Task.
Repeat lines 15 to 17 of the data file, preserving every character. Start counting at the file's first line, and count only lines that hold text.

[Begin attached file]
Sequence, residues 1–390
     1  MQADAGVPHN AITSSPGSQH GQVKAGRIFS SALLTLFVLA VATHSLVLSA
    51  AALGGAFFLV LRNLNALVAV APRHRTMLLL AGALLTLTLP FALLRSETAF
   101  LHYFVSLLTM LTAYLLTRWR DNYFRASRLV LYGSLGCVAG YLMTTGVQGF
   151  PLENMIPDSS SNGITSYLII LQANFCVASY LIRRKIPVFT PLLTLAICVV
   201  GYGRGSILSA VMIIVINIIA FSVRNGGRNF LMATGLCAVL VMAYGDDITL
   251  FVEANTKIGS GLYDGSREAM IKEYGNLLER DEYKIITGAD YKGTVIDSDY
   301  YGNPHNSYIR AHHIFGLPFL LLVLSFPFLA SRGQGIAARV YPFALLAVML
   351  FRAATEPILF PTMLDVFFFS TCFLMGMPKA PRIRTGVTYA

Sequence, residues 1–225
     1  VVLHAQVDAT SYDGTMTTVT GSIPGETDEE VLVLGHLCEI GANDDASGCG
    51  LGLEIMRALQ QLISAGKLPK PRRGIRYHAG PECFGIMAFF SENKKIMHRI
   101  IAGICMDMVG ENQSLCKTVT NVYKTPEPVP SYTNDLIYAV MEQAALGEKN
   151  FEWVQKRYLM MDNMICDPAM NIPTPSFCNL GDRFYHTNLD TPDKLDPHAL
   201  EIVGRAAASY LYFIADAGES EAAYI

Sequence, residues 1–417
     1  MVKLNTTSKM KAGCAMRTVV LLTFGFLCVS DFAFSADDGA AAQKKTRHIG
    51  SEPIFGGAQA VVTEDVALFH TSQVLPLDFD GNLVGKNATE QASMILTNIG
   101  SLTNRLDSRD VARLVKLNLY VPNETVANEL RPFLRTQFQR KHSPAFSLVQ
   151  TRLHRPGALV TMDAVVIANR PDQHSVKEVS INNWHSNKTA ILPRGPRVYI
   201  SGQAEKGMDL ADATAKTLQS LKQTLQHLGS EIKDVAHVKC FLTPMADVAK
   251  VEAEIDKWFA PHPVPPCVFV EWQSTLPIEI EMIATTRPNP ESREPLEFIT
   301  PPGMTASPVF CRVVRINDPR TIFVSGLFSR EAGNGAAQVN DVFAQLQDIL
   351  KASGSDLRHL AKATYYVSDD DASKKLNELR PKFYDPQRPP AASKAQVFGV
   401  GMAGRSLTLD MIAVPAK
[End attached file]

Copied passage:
   201  EIVGRAAASY LYFIADAGES EAAYI

Sequence, residues 1–417
     1  MVKLNTTSKM KAGCAMRTVV LLTFGFLCVS DFAFSADDGA AAQKKTRHIG